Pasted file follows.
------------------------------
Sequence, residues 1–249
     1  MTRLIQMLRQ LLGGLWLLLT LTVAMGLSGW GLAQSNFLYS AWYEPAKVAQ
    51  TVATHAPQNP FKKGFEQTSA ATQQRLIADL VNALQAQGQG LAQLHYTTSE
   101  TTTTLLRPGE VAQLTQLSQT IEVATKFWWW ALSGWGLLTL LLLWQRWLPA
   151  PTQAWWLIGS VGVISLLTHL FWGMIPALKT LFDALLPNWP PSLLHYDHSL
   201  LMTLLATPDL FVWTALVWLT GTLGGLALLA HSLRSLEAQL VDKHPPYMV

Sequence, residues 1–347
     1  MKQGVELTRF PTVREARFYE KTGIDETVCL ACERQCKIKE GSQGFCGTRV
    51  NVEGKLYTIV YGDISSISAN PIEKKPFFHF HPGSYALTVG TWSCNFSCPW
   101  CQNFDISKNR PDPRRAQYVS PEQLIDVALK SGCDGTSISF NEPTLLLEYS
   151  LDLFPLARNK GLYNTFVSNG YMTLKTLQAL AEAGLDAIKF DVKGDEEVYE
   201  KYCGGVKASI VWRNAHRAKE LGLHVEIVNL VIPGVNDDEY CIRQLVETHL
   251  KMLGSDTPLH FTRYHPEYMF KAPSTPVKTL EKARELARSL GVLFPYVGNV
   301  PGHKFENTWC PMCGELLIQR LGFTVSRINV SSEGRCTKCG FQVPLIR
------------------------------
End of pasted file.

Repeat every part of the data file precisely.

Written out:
Sequence, residues 1–249
     1  MTRLIQMLRQ LLGGLWLLLT LTVAMGLSGW GLAQSNFLYS AWYEPAKVAQ
    51  TVATHAPQNP FKKGFEQTSA ATQQRLIADL VNALQAQGQG LAQLHYTTSE
   101  TTTTLLRPGE VAQLTQLSQT IEVATKFWWW ALSGWGLLTL LLLWQRWLPA
   151  PTQAWWLIGS VGVISLLTHL FWGMIPALKT LFDALLPNWP PSLLHYDHSL
   201  LMTLLATPDL FVWTALVWLT GTLGGLALLA HSLRSLEAQL VDKHPPYMV

Sequence, residues 1–347
     1  MKQGVELTRF PTVREARFYE KTGIDETVCL ACERQCKIKE GSQGFCGTRV
    51  NVEGKLYTIV YGDISSISAN PIEKKPFFHF HPGSYALTVG TWSCNFSCPW
   101  CQNFDISKNR PDPRRAQYVS PEQLIDVALK SGCDGTSISF NEPTLLLEYS
   151  LDLFPLARNK GLYNTFVSNG YMTLKTLQAL AEAGLDAIKF DVKGDEEVYE
   201  KYCGGVKASI VWRNAHRAKE LGLHVEIVNL VIPGVNDDEY CIRQLVETHL
   251  KMLGSDTPLH FTRYHPEYMF KAPSTPVKTL EKARELARSL GVLFPYVGNV
   301  PGHKFENTWC PMCGELLIQR LGFTVSRINV SSEGRCTKCG FQVPLIR